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More than 70,000 people went to the polls this week in early voting for the Nevada caucuses, nearly eclipsing the total number of voters in the state's 2016 caucuses. The surge comes as many voters focused on the issue of health care, which may have benefited Sen. Bernie Sanders. Nevada Public Radio's Joe Schoenmann joins Hari Sreenivasan with more.
Joining me now from Las Vegas is Joe Schoenmann, news director and host for Nevada Public Radio. Joe, as I look at the NewsHour website, this is really early in the night 2.38 percent reporting. And so regardless of who has the lead now, when do the bulk of the votes from, say, Clark County, where Las Vegas is, come in?
Probably in about another hour and a half, maybe two hours. We'll see a lot more. The vote count here that we've seen was just updated to about 5 percent. Bernie Sanders has more than a double digit lead over second place, Joe Biden, and Pete Buttigieg is very close to Biden right now. So first, second and third again, with only 5 percent of the vote look like Sanders, Biden and Buttigieg.
Any idea on how this breaks down? So much has been made about this is the first really diverse test for these candidates. Any idea how these votes are breaking in different communities?
Yeah. There is some breakdown in the Henderson area, which is a suburb of Las Vegas, which is not as diverse as the core, Joe Biden is getting a lot more votes. Culinary union members, surprisingly to some, are, seem to be coming out in favor of Sanders. That's a surprise to some because the Culinary had come out, which has 60,000 members, had come out in the last couple of months saying they didn't necessarily like Sanders proposal of Medicare for all because it might take away from their own health insurance plan. What was surprising is, I live in a neighborhood which is largely Hispanic, many culinary workers. When I woke up this morning after Sanders had a rally last night, I was surprised to see five to 10 Sanders signs in the yards of homes all around my house, which I'd never seen anything like that before.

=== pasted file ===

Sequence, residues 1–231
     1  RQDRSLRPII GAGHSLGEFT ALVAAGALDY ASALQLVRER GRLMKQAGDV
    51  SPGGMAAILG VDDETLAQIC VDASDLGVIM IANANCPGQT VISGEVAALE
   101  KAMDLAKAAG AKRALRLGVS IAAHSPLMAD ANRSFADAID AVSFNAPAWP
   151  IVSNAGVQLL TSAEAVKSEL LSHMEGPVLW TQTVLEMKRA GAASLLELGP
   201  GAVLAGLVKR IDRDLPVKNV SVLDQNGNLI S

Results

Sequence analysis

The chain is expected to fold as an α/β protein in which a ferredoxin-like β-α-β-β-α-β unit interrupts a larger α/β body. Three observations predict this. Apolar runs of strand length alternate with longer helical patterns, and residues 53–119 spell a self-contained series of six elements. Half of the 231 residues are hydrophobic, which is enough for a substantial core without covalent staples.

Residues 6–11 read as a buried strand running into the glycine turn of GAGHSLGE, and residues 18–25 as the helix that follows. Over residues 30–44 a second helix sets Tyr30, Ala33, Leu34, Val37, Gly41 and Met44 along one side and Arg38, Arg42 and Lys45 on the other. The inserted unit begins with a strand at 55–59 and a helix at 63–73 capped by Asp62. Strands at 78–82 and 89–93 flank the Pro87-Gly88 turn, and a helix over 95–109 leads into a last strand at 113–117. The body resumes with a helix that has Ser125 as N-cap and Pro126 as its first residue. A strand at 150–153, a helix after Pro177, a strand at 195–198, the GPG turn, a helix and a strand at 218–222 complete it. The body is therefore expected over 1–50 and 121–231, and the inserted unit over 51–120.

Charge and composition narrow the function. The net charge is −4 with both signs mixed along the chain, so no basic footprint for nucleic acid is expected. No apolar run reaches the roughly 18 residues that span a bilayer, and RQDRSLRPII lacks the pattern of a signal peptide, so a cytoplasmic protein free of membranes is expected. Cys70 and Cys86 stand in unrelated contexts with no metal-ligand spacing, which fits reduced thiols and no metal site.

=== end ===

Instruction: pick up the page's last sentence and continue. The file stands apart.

OK. We are still chatting early in the evening. Any reports of any problems so far? This is one of the things that people are concerned about after Iowa.
One of our reporters was on the strip at the Real and the Bellagio and he said he was surprised. It was like clockwork, very smooth. So no problems so far.
Any idea how late this is going to go? I mean, best case scenario, the the local Democratic Party has said that they are not expected to finish everything tonight and have full results, right?
Yeah. You know, I would say that is probably a good bet if they're actually saying that. There were expectations, early on the party was saying they thought maybe be wrapped up early in the afternoon. But from those who've watched caucuses in previous years, this goes on into late in the evening. I think it will be wrapped up by 5:00 or 6:00. But as I said, the caucus is a strange animal. It's not like a primary. It's very different. And the counting is, it isn't just a straightforward count. There are alignments, realignments. It's it's a different, different beast.
All right. Joe Shoenmann, the news director and host for Nevada Public Radio, joining us via Skype tonight. Thanks so much, Joe.
And you can see all the real time updates to the votes that are coming in in Nevada on the front of the NewsHour website.
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